Werth's injury has widely been reported as a fractured wrist, but the actual injury is to his radius, one of the bones of the arm rather than the small bones that make up the anatomical wrist. That said, Werth's history with both fractures and ligament damage in the anatomical wrist complicates the current injury, since the articulation of the wrist joint is the function that Werth and the Nats are most interested in as he rehabs. To help make sure that the previous injury doesn't become an issue, Werth went back to the doctor who did his prior surgery. The fracture was fixated using a combination of hardware and he could be back in as soon as six weeks, but this is likely to go longer. The injury is not at the anatomical wrist; the bone should clearly heal and won't have the same kind of strength and fine control issues as someone with an anatomical wrist problem. (This is in contrast this with Pablo Sandoval's bilateral hamate fractures the past two seasons.) Expecting Werth back after the All-Star break seems a reasonable mid-point expectation, but his response to the rehab and the lack of any complications as a result of his previous problem is what's key.
Rivera's surgery to reconstruct his ACL has been delayed by what his agent Fernando Cuza told the New York Post was "complications." That can mean a lot of things, from scheduling issues for the doctor to excessive swelling, which would make good images impossible. There have been a number of other things floated behind the scenes, but in the end, most of these possible complications don't factor into problems for anyone but Rivera. A delay of a week or two is irrelevant since no one -- not even the Yankees -- cares if Rivera is ready to get on a mound in November. If it's Thanksgiving, there's still no Yankees game; most pitchers are in the "rest phase" of their offseason work, and he'd still have plenty of time to gear up for the '13 season. Yes, the chance of miracle return goes down with delay, but Rivera's comments since the injury have all been focused on '13, so I'm not overly focused on that.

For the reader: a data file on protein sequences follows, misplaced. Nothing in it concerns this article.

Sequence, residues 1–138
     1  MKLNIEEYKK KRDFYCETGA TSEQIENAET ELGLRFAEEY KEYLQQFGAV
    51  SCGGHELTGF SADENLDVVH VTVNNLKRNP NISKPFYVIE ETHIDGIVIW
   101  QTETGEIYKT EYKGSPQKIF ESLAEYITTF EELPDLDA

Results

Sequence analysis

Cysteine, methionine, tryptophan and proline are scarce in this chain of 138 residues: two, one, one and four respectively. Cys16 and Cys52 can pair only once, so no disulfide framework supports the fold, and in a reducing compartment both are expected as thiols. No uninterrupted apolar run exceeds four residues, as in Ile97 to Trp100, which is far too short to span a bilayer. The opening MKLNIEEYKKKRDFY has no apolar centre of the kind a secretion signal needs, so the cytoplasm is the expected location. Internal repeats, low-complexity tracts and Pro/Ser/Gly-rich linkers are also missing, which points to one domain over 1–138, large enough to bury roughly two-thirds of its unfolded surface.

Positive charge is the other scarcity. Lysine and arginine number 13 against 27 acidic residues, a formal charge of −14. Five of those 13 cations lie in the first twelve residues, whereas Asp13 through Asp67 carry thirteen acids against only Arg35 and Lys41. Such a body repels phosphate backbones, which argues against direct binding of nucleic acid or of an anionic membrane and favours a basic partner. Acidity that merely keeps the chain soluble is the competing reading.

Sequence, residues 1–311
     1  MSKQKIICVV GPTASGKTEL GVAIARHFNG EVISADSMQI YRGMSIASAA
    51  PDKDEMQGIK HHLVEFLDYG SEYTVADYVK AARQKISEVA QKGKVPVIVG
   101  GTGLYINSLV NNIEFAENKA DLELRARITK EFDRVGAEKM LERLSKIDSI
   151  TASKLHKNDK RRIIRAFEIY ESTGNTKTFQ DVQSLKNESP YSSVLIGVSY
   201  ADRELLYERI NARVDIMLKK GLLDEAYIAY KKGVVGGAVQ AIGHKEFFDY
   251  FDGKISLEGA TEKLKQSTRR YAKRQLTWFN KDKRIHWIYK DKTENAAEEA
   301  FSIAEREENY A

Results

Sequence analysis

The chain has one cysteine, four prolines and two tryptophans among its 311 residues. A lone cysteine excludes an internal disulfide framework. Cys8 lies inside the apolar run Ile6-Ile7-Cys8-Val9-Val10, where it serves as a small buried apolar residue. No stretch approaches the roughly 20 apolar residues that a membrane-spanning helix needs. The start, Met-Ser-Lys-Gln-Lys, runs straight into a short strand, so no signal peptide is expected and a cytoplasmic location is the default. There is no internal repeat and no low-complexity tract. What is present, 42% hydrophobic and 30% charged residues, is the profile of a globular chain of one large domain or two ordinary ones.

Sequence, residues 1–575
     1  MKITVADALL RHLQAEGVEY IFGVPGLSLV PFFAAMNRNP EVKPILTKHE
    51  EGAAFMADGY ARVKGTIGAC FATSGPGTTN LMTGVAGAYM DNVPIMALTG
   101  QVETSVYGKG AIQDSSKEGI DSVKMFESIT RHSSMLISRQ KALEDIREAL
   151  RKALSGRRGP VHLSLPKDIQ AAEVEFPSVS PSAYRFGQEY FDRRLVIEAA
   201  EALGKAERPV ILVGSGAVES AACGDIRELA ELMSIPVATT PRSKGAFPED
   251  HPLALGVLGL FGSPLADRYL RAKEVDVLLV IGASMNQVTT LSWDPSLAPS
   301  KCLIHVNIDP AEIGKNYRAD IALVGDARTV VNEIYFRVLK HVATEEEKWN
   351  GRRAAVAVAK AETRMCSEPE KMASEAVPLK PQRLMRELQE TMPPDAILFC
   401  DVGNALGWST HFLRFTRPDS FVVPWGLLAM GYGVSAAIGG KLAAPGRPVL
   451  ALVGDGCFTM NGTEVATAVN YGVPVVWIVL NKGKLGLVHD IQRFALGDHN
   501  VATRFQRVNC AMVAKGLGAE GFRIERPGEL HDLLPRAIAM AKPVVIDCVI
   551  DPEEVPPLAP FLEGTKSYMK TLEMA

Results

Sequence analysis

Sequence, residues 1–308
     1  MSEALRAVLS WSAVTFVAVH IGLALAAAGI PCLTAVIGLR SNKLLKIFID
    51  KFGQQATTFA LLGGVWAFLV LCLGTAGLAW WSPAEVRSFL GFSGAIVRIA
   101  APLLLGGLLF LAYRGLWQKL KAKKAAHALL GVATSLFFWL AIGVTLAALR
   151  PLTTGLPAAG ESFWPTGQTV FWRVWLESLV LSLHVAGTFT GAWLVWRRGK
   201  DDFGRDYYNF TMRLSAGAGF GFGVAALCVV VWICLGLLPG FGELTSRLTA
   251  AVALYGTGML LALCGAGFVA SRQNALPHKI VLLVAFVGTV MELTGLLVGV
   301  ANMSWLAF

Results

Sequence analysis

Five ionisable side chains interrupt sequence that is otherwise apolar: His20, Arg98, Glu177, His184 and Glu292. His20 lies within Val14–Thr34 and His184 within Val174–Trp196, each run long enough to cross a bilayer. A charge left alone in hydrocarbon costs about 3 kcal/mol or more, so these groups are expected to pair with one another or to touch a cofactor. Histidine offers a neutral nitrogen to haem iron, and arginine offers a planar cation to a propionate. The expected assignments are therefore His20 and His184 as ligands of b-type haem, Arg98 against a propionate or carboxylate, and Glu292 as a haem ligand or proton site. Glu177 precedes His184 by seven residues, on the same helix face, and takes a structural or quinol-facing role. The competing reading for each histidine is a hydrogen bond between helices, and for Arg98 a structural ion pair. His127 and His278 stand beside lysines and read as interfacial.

One of the best signs to me that MLB's drug policy is effective is how few repeat offenders there are. While we don't have complete numbers due to how the amphetamine policy is administered, there's very little in the way of recidivism among the drugs that people seem to care about. (Unless you're going to call out everyone from Ted Williams to Willie Mays to Hank Aaron, few care about "greenies.") Mota was suspended for a positive test for clenbuterol, which he will argue came from a child's cough syrup. There is a case of a swimmer testing positive, but most of the products that do contain clenbuterol are for veterinary use. Because this is a repeat offense, the announcement came before the appeal hearing. Mota faces a 100-game suspension if upheld.